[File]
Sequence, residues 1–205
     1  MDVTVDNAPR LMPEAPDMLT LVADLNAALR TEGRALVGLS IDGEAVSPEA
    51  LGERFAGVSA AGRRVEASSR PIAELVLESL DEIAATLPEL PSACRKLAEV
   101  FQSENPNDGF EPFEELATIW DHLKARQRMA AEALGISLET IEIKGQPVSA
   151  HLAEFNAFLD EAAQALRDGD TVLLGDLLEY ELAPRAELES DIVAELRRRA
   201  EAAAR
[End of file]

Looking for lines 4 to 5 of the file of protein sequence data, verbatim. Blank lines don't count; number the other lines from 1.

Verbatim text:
   101  FQSENPNDGF EPFEELATIW DHLKARQRMA AEALGISLET IEIKGQPVSA
   151  HLAEFNAFLD EAAQALRDGD TVLLGDLLEY ELAPRAELES DIVAELRRRA